Post-MBA, Mridula and I volunteered together with a London-based group for migrant domestic workers. When I started to get to know the workers as individuals, hear their stories, listen to their experiences – that’s when I felt that there was a unique opportunity to fill a gap through TAYO in London, and begin to take the idea paper and into real life.
What would you say are the top 3 skills that needed to be a successful entrepreneur? Why?
I am reluctant to say that I could rank a ‘top’ 3. There are also certain skills most needed for different stages and seasons. In my current season, the skills that have proven very helpful to have are: Flexibility. Steadfastness. Self-awareness.
Flexibility – to be able to respond with agility and creativity to the different challenges and opportunities you face as an entrepreneur; maintaining a willingness and ability to shift pace or direction accordingly when the situation calls for it.
Steadfastness – to stand firmly on your values, to keep a clear and anchored view of your vision and purpose, to not give up in the face of discouragement or failure.
Self-awareness – to be able to maintain a balance in your life, to be able to accept and learn from mistakes, and to design a way of working independently and with others, where there is room for both the individual and the team to thrive.
What is your favourite part of being an entrepreneur?
The independence and the unknown!
I like the independence of being able to design how I work. I also love the discovery process – not knowing exactly how you’re going to get somewhere, but the joy of imagining what could be, building a way to get there, and keeping your eyes, ears and heart open along the way.
What individual, company or organization inspires you most? Why?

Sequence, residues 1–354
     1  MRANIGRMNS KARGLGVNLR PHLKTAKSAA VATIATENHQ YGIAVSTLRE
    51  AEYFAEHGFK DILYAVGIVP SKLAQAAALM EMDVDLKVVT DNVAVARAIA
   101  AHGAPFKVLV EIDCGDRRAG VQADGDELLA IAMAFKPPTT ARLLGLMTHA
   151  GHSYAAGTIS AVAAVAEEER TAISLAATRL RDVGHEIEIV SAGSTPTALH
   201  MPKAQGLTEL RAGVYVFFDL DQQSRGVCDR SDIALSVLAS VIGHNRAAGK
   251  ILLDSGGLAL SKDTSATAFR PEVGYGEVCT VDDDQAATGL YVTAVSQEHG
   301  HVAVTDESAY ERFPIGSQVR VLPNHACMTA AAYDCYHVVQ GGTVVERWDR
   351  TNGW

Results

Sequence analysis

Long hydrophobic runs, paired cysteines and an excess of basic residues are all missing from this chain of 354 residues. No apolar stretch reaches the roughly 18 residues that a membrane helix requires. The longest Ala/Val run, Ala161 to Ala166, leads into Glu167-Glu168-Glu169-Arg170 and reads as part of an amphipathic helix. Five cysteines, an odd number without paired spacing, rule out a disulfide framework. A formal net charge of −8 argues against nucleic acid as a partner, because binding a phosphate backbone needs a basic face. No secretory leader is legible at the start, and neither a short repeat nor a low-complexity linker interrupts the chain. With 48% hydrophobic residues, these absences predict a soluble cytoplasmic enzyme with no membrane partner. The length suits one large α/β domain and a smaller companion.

I am currently very inspired by the work of Debbie Millman. Earlier this year, my sister introduced me to Debbie’s podcast of over 15 years, “Design Matters by Debbie Millman.” I admire the way Debbie connects with people, her lifelong process of learning, and her career where she has explored many different aspects of her mind, talent, and creativity.
If you had 5 minutes with the above individual/ company/organization, what would you want to ask or discuss?
I would love to ask Debbie about her creative process and approach to her work. Does she approach different work streams and projects differently? Is there a distinct process when she approaches teaching compared to when she approaches interviews, when she approaches brand design compared to when approaches storytelling? Over the course of her life, what aspects of her process have evolved, what aspects endured?
What has been your most satisfying or successful moment in business?
The most recent satisfying moments have been connecting in meaningful ways and building relationships with our customers, the migrant workers who take part in my pilot programs. It feels great to affirm that TAYO can and does fill a gap. I feel a surge of hope and energy when our participants leave our workshops feeling inspired, energised or accomplished, even more when they share their testimonies of small and big wins with taking control of their finances – whether that’s writing down a plan, clarifying their priorities, or making a confident investment.